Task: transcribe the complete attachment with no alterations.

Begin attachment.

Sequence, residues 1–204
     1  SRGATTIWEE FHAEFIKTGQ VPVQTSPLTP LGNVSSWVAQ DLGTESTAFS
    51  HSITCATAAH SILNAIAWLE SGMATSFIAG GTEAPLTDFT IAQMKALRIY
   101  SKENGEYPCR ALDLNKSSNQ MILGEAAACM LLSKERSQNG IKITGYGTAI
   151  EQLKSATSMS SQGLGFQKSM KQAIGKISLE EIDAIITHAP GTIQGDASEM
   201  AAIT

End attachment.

Sequence, residues 1–204
     1  SRGATTIWEE FHAEFIKTGQ VPVQTSPLTP LGNVSSWVAQ DLGTESTAFS
    51  HSITCATAAH SILNAIAWLE SGMATSFIAG GTEAPLTDFT IAQMKALRIY
   101  SKENGEYPCR ALDLNKSSNQ MILGEAAACM LLSKERSQNG IKITGYGTAI
   151  EQLKSATSMS SQGLGFQKSM KQAIGKISLE EIDAIITHAP GTIQGDASEM
   201  AAIT